RE: FTL transmission?

From: Don Klemencic (
Date: Sat Jun 03 2000 - 22:21:20 MDT

I wonder if the principle of relativity is not weakened or compromised by
the big bang theory. Doesn't the center-of-mass of the big bang, i.e., the
center of mass of the cosmos, define a privileged frame of reference?
Doesn't motion in any other frame of reference produce a blue shift in the
2.7 K black body background radiation in the direction of motion relative to
center-of-mass and a red shift in the opposite direction?

                                                                                Don Klemencic

-----Original Message-----
From: [] On
Behalf Of
Sent: Saturday, June 03, 2000 6:34 PM
Subject: Re: FTL transmission?

The theory of relativity did not start with the assumption that FTL
travel was impossible. Rather, it started with a much simpler assumption,
called the "principle of relativity" (which is not the same as the theory
of relativity). This can be stated somewhat informally as:

The laws of physics are the same for moving observers as for stationary

This principle is based on observations: in a smoothly moving frame of
reference, there is no self-contained measurement you can do which will
have a different result than if you were moving at a different speed.
You can't reach out and "feel space sliding by" to tell that you are

It follows from this that actually there is no such thing as a
"stationary" observer; that is, motion is all relative. If one person
is moving with respect to another, each one has an equal claim to being

One of the things that has been found is that empty space has certain
magnetic and electrical properties, which you can measure. And further
it turns out that it is possible to have waves travel through empty
space which are made purely of electricity and magnetism. These waves
are the familiar electromagnetic radiation which we observe as light,
radio, and so on.

The speed of these waves depends on the electrical and magnetic properties
of space. Based on the principle of relativity, we can say that both
stationary and moving observers will measure these values to be the same.
It follows that all observers will see electromagnetic waves travel at
the same speed. This speed is abbreviated "c", and is called "the speed
of light".

Independently, puzzling experimental results were obtained which also
pointed to the speed of light being the same for all moving frames of
reference. This was the Michelson-Morley experiment which measured
the speed of light relative to the earth's motion around the sun.
No difference was found in the speed regardless of which direction the
earth is moving.

This result, by itself, is enough to begin to capture some of the
paradoxes of relativity. How can two people in motion relative to each
other both measure the speed of a given beam of light to be the same?
Our intuitive understanding would say that one of them would see the
light to be moving faster than the other. Yet experiments and argument
imply that this does not happen.

Einstein's theory of relativity explores the implications of this effect
in detail. It is from this theory that we learn that measurements of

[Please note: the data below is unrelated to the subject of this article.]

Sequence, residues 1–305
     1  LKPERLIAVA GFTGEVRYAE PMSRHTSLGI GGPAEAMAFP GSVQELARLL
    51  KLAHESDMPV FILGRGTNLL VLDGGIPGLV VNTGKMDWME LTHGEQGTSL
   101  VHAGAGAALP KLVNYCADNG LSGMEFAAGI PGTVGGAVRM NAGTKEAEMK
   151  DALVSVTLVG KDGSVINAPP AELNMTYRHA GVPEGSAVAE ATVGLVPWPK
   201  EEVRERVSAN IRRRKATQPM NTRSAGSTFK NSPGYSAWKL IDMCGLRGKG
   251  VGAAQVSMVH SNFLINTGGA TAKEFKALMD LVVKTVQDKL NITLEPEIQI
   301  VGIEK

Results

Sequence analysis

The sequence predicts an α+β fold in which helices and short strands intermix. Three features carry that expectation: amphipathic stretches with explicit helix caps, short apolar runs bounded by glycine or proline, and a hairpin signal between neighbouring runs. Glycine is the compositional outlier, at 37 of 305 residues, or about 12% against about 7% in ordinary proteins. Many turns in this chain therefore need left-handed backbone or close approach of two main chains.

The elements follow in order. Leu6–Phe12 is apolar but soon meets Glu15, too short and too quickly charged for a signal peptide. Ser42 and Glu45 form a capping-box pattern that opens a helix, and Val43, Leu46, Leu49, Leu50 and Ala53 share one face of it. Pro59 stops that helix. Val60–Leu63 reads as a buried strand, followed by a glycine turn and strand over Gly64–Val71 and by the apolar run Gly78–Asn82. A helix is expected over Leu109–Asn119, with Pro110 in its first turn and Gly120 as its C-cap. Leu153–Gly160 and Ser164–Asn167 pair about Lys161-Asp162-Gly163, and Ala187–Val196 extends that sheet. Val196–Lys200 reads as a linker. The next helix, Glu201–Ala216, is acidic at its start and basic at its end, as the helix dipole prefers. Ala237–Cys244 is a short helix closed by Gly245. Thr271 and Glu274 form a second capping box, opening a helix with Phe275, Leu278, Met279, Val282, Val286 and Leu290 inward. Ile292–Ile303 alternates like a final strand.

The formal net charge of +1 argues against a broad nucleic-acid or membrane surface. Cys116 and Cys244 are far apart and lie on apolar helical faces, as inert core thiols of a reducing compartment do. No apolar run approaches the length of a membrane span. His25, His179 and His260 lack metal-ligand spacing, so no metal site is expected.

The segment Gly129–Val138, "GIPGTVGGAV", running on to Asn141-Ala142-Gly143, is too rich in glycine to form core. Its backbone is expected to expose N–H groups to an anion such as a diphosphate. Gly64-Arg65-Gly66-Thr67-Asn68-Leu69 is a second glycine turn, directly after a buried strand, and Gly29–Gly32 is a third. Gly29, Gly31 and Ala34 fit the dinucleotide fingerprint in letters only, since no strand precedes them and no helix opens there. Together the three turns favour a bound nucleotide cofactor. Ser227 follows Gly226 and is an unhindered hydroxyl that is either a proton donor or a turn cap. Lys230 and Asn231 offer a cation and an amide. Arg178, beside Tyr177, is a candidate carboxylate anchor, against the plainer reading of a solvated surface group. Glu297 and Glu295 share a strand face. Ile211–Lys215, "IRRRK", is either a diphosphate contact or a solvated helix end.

time and distance are different for observers in motion. This should
not surprise us, because speed is distance divided by time, and we
already have a paradox when moving observers measure the same speed,
which should be impossible. So the fact that they measure distances and
times differently almost goes without saying once we hit this paradox.
Einstein just worked out the math.

Some people have suggested that Einstein's equations wouldn't work for
observers going faster than light. After all, we have never done any
experiments in that case. Maybe something else happens.

This is conceivable, but not that germane. In the experiment which led
to this discussion, no observers were going faster than light. Rather,
we had a phenomenon which gave the impression (apparently illusorily)
that a pulse was travelling faster than light. So all we really need
to know is whether Einstein's equations have been tested or would be
applicable to physical phenomena which go faster than light.

And in fact, the way Einstein's equations work, FTL communication can
be analyzed in the same way as any other set of events which occur at
close to the same time. You don't need exotic equipment. The Mars
Global Surveyor camera takes a picture at the same moment that something
happens in the lab here on earth. It's going to take an hour for the
picture to get back, but Einstein's equations tell us how to analyze the
simultaneous events in terms of a moving observer. These are exactly
the same kinds of equations which would be used for FTL communications.

So there is no reason to think that FTL communications would be a new
exotic regime where Einstein's equations don't apply. The basic concept
of simultaneous or near-simultaneous events is extremely ordinary and
is handled perfectly well by the theory of relativity.

Summing up, the theory of relativity is based on a very general
philosophical principle, that there is no such thing as ABSOLUTE
SPACE where you can reach out and "feel" whether you are moving or not.
It is further supported by the observation of the constancy of the speed
of light. And in the years since, it has made many other predictions
which have been borne out. All of this gives us confidence in the
accuracy of the theory. Based on this experience, we can predict that
FTL communications would allow for backwards-in-time communications,
raising severe problems of causality and logical consistency. It is
therefore very unlikely that FTL communications are possible.


This archive was generated by hypermail 2b29 : Thu Jul 27 2000 - 14:12:27 MDT